In one scene, through tears, O’Sullivan remembers his father’s words after being sentenced: “Just tell my boy to win.”

Drink, drugs and depression

Ronnie O'Sullivan close up.
Famous British artist Damien Hirst says that people watch his close friend O’Sullivan for “drama”, rather than “perfect snooker”

Earlier this year, the seven-time world champion told BBC Radio 4 Today that he “lost six, seven years to drinking and taking cannabis”.

His close friend, famous British artist Damien Hirst, tells a horrifyingly illustrative story about how close O’Sullivan could quickly sail to the wind.

“I once had a time with Ronnie where he called me up and he just said, ‘look, I’m in the Masters, I need to go the Priory’,” recounts Hirst.

“I said, ‘I’ll come in my car right now, I’ll take you’. We sat down, had a cup of tea, he calmed down a little bit. He said, ‘do you want to just have a little knock about on the practice table?’ We did a little knockabout and then he went ‘I think I might play this afternoon’.”

Hirst says that O’Sullivan went on to win that tournament.

‘I’ve got to hurt and suffer in order to win’

Ronnie O'Sullivan lying on bed with his eyes closed
O’Sullivan says that “sometimes you have to choose how bad you want it” to achieve success

O’Sullivan talks constantly of having to manage his relationship with snooker.

In one interview, laying on a sofa, he explains what the “winning system” takes for him.

“You’ve got to just smother yourself in the mustard and go deep within it – hurt and suffer,” says O’Sullivan.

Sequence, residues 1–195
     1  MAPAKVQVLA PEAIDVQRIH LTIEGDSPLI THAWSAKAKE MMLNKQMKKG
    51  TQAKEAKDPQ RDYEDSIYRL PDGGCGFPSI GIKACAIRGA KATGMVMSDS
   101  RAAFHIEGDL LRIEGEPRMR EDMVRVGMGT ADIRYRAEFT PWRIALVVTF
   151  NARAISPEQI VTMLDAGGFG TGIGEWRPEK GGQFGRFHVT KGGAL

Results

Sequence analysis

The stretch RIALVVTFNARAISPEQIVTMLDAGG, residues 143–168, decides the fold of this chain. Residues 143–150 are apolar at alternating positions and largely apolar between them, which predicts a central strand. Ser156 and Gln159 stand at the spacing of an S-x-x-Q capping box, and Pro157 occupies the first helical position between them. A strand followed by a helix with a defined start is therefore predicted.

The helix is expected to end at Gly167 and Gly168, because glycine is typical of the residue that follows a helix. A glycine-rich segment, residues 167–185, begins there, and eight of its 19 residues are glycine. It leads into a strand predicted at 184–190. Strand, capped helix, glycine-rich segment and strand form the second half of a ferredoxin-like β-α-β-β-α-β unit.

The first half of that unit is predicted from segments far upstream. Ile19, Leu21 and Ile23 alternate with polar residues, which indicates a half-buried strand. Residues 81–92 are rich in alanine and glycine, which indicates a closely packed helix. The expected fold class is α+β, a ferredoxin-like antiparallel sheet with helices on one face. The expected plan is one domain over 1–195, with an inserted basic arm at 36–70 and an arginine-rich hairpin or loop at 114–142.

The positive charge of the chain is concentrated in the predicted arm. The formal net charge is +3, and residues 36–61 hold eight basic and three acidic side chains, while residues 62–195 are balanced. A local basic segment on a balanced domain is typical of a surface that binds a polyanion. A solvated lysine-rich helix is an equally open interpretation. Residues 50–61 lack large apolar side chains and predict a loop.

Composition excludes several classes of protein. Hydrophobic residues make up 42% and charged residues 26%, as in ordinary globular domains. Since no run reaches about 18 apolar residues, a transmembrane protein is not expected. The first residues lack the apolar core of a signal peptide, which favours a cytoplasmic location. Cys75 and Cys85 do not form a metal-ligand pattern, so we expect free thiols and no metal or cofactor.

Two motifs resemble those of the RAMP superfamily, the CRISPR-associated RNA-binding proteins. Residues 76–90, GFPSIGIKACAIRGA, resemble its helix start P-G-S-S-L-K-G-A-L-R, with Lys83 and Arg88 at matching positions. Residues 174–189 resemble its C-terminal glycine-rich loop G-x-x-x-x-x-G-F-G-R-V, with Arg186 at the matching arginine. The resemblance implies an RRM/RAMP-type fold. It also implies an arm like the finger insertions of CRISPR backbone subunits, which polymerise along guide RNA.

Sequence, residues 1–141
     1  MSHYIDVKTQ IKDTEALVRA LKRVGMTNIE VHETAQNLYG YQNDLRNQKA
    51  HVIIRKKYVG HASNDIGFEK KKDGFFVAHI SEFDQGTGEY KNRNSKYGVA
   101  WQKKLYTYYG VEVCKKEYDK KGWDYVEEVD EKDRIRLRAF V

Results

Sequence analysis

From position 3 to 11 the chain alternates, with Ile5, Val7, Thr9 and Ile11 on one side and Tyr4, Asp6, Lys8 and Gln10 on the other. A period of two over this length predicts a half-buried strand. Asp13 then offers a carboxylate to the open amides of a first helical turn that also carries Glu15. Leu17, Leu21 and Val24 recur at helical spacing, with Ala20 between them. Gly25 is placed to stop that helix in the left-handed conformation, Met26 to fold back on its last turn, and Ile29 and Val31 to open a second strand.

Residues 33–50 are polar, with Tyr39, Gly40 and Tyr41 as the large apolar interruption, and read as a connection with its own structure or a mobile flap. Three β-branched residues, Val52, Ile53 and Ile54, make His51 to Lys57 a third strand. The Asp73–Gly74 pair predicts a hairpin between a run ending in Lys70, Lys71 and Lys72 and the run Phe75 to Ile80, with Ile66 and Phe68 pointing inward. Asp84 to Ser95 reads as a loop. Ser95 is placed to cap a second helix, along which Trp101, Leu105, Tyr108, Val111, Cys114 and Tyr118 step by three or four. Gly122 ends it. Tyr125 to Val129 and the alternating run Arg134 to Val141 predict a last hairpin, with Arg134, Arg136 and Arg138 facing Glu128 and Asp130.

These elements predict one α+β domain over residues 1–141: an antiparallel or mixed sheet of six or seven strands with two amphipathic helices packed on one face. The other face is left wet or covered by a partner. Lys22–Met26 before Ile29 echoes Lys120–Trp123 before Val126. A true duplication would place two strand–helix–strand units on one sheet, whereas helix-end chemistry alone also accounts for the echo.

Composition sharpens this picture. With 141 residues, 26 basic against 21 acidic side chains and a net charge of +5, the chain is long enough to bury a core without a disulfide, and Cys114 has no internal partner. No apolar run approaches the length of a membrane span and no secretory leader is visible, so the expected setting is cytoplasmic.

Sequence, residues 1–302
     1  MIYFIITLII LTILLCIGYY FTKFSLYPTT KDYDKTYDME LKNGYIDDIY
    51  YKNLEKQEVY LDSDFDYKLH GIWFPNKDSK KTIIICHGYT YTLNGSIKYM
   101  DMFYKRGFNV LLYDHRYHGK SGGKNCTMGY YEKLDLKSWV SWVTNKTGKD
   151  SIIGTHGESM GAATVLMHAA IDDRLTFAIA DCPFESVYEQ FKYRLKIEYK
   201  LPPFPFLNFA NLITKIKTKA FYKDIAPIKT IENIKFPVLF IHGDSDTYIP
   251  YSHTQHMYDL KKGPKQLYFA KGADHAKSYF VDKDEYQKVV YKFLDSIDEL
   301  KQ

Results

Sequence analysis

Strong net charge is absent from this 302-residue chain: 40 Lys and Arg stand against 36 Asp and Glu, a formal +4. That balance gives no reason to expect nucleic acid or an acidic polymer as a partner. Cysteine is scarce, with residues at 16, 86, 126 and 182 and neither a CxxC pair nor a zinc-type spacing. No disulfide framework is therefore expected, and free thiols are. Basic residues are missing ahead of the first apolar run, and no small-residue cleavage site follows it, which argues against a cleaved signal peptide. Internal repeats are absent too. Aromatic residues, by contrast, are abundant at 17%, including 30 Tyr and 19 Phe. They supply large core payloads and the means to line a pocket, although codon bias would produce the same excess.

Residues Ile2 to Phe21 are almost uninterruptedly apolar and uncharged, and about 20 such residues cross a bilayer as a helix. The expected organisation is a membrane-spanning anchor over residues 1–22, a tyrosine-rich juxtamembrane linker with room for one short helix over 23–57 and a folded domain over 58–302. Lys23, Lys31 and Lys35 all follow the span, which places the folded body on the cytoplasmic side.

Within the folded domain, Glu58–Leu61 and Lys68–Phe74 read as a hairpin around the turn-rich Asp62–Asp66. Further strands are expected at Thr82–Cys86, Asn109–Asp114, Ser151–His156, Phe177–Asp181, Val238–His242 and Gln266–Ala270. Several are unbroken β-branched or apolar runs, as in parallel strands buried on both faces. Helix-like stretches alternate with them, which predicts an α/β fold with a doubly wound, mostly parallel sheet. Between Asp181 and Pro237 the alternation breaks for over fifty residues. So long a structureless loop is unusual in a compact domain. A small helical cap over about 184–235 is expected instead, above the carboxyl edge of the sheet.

“Or I can take the approach that I did for the last five years and just enjoy every game. That was okay – there’s less battle scars, less depression – you just enjoy playing it like you did when you were a kid. Sometimes you have to choose how bad you want it.”

“Don’t let them burn you out” – O’Sullivan to Trump

As O’Sullivan was crowned world champion for the seventh time in 2022, he shared a prolonged hug with his opponent Trump that lasted over a minute.

Blair’s documentary picks up what was said between the pair through O’Sullivan’s microphone.

“Enjoy your snooker, don’t let them burn you out,” O’Sullivan advises the 34-year-old Bristolian.

Trump thanks the elder statesman, saying, “you took your time out for me and I’ll always appreciate that”.

When the younger man tells his counterpart, “you’re the best player of all time, I love you man,” it causes O’Sullivan to break down in tears.

Next we see The Rocket embracing his children, telling them “I can’t do this anymore! It’ll kill me!”

At 46, he is the oldest world champion in Crucible history.

Posing for photos with the trophy, O’Sullivan’s father turns to his son to say, “that’s it now isn’t it? Done now aren’t you?”

O’Sullivan’s response is ambivalent: “I don’t know mate….”

Ronnie O’Sullivan: The Edge of Everything is available exclusively in cinemas across UK & Ireland on November 21 and launches on Prime Video on November 23.